George Mason University

CS491 Great Principles Fall 2002

Design Problem D3 (10 points)

Due 10/28/02

Read the essay Before memory was virtual linked to the resources section of the CS491 web page. Also look at the Art of OS slides about storage systems. This problem will focus on capability addressing, discussed in both readings. NOTE: the essay refers to a two-level mapping scheme for capabilities and the slides to a three-level scheme. The slides are counting the translation from symbols in user programs to virtual addresses as the first level; the essay does not count this level. The other two levels are the same. In this assignment, we'll use the terminology of the essay.

(1) The main benefits of capability addressing are object sharing (the ability to share objects by sharing capabilties for them) and location transparency (the ability to move an object without having to chance anything in any capability pointing to it). Capability addressing uses a two-level mapping scheme to achieve this. Outline the mapping scheme and show that it achieves these two objectives.

(2) Write out pseudo-code for the algorithm in the MMU (memory mapping unit) of a capability addressing system. Make sure your code deals with a TLB (translation looksaside buffer) and various fault conditions that can be encountered when translating an object address (from a task's address space) to a memory address.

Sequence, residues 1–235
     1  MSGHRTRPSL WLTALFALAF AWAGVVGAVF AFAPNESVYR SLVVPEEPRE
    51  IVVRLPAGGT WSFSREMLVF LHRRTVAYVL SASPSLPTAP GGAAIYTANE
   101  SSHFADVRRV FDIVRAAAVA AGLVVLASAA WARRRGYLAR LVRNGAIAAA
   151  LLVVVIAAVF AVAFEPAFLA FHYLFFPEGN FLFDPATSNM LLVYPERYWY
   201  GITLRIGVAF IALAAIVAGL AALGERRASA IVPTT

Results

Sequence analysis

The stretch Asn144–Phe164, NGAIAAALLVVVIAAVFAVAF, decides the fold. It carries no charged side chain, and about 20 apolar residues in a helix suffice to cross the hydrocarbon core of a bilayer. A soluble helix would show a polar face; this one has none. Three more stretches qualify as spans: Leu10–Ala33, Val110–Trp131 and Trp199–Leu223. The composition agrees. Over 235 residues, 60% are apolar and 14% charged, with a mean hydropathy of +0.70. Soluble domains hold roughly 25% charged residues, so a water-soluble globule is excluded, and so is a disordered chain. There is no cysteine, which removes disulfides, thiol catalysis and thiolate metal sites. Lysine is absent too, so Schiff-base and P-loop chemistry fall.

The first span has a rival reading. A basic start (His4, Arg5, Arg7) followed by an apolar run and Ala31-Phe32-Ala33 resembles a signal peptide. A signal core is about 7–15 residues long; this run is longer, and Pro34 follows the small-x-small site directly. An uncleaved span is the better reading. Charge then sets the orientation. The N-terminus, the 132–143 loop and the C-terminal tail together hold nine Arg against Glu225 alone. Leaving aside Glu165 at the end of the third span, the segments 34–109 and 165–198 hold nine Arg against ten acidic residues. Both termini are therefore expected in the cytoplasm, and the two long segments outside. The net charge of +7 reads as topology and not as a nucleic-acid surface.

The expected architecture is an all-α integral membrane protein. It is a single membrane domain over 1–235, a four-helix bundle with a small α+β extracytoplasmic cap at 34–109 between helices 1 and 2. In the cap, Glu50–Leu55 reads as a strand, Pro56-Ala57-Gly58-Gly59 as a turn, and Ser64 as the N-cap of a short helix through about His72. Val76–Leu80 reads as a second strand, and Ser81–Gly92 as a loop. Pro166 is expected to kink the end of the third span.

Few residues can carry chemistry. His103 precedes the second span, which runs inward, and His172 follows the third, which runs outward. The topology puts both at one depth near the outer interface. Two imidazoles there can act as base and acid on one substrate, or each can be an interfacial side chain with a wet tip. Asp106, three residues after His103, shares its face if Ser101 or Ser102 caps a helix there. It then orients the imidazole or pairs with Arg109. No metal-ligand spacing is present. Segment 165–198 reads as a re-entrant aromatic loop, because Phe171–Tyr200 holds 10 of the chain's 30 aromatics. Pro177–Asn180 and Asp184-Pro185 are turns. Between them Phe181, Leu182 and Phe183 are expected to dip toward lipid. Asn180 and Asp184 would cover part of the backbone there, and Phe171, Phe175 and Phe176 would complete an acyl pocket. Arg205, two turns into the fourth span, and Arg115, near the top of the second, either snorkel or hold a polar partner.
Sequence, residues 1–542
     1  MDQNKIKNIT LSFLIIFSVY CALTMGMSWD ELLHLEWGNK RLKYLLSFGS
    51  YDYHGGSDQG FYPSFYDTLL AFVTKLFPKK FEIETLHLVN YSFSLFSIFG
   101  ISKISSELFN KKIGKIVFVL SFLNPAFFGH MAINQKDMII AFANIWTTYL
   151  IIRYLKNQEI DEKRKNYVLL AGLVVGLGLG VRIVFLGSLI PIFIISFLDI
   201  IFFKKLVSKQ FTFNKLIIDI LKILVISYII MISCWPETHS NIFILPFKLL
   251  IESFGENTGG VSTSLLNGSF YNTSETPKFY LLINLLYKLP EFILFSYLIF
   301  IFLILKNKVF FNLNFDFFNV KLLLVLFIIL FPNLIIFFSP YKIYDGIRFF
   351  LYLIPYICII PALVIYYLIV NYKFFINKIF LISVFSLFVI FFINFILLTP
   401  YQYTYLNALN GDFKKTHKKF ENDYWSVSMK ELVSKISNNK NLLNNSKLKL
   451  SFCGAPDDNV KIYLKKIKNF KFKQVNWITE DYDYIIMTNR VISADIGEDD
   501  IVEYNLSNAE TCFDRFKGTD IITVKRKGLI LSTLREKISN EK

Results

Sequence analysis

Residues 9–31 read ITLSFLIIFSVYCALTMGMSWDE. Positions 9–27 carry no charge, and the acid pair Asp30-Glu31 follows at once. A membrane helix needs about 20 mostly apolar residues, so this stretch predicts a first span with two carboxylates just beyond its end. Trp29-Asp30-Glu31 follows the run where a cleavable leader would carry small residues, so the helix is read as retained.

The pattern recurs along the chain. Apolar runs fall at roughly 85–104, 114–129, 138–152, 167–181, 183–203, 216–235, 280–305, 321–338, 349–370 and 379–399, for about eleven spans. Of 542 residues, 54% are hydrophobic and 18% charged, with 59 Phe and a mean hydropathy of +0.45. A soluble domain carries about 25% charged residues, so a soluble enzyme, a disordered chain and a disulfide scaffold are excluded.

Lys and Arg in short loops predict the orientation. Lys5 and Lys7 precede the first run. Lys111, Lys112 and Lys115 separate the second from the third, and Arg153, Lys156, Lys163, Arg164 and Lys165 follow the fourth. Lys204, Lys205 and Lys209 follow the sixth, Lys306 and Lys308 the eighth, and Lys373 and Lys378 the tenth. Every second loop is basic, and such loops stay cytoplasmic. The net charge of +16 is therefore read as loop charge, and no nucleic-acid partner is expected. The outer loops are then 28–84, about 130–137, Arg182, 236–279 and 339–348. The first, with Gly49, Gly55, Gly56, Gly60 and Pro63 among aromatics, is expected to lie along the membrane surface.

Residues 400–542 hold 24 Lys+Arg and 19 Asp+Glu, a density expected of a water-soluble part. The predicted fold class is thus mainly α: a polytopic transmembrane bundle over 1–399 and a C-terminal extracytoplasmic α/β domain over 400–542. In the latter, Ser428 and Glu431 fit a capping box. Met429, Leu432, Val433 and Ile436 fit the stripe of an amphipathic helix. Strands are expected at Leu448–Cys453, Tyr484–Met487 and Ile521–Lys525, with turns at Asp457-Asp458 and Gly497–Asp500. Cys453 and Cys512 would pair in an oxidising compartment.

(3) Suppose that the system only supports a one-level mapping from an object (segment) number in user address space to to the (base,limit) values of the memory region containing the object. Describe this mapping scheme. How can users share an object with this scheme? What must be done if the object is moved in memory (to a new base-limit region)?

(4) In the 1970s, hardware machines were built for capabilities. These machines used the hardware to guarantee that capabilities could not be altered by users. Users could share capabilities by making copies, but they could not modify the capabilities. This permitted capabilities to be treated as access tickets. If you had a capability, it was assumed that you had the right to access the object. Owners would give out capabilities only to those the owner wanted to share with. Discuss possible methods for handling these basic actions of an access control system: (a) creating capability, (b) protecting it from modification, (c) granting a capability with less access than the owner has, and (d) revoking a capability.

(5) Speculate on why we don't see capability hardware machines any more. In spite of that, where have the concepts of capability addressing survived to this day? Why would you classify capability addressing as a great principle?